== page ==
Free trial
Free trial

The trouble with remote working

July 9, 2018

Remote Working

The benefits of remote working are clear and obvious. We know the story. For the worker, it offers a more flexible way of working, a better work-life balance, less disruption and distraction, and an increased sense of autonomy. As long as their managers and coworkers are supportive, and the communication is kept open and regular, remote working can be a force for good.

Businesses benefit by not having to house the worker in a bricks and mortar single location. Less office space, fewer parking spaces, and reduced overheads are all on offer to companies with an eye for this growing new way of working. In fact, far from being a trend, workers are beginning to actually expect the chance to work remotely, and are seeking out jobs in businesses where telecommuting is encouraged.

So, everything in the garden is rosy, and with remote working at the centre of business, the future’s bright. Except for one thing… isn’t. Well, not necessarily, anyway

We're seeing a slight wind of resistance from some companies. IBM have moved away allowing telecommuting, and Yahoo did several years ago. Some see remote working as having a negative effect on productivity, innovation and engagement. They see their teams as less accessible, less incentivised, and difficult to supervise. Some managers simply don’t find themselves able to trust remote workers to get the job done, even despite the fact that deadlines are met and targets still achieved.

On a personal basis, not everyone’s cut out to work under their own steam. Some find the lack of a social work environment a challenge. Of course, procrastination will always be a threat to the remote worker too. And while many see it as a benefit, some people struggle with the disconnect that comes with working remotely. There have been some reports of remote workers developing issues with mental ill health as a result of switching to this way of work.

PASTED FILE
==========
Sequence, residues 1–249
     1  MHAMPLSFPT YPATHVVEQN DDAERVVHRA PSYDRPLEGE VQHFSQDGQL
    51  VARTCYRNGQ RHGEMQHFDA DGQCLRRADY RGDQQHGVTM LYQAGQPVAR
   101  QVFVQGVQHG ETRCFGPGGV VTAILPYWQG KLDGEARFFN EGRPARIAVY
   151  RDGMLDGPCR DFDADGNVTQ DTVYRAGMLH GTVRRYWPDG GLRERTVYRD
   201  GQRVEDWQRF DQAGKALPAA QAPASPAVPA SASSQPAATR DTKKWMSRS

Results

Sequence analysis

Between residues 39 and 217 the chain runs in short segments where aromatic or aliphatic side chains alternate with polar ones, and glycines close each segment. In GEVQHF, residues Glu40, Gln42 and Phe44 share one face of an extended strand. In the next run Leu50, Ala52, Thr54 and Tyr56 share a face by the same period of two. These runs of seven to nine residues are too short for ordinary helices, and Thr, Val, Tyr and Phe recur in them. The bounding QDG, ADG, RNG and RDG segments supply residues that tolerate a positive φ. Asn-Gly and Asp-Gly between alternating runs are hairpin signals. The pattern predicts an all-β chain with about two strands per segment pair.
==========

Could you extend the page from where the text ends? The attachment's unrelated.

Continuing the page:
Let’s be clear, despite what IBM and Yahoo think, remote working isn’t going anywhere any time soon. It's growing not going. As the world of work changes, and the new workforce -the digital nomads - demand and expect new ways of doing business, organisations will have to change to keep momentum. The escapable and unnecessary expense of huge brick and mortar monoliths, the single location office blocks of the past, will be replaced with co-working spaces and hot design communities. A more flexible, fluid and accessible way of working will be the new norm, and business needs to get ready.

Like everything, there’s a downside to this way of working as we’ve discussed above. But the central way of doing business, the one thing at the centre of every successful organisation is communication. By keeping communication current, live, open and honest, and by allowing co-operation and collaboration to strengthen the bonds of teams, remote working can be a real force for good. Business will be able to grow in this new world. Productivity needn't be badly affected, and it won’t be if communication is strong.

Remote teams are still teams, after all. They’re just not in the same place. Wundamail puts teams in the same place, at the same time. Ideas and information are exchanged, and innovation encouraged. Team members can support each other, offering advice and support. Managers are kept informed and are able to stay ahead of any potential challenges. This simple team management tool lives in your inbox, there’s no digging through endless email chains, as Wundamail keeps everything in the present. A question lands in everyone’s inbox at the end of the day, they answer, and then another arrives first thing next morning. Everybody gets a compilation of the team’s answers. Simple. The team are all on the same page, any potential issues are highlighted, and managers are better placed to manage.

Remote working doesn’t have to mean trouble. With Wundamail, it’s simple.

New call-to-action

Subscribe to the Wundamail Blog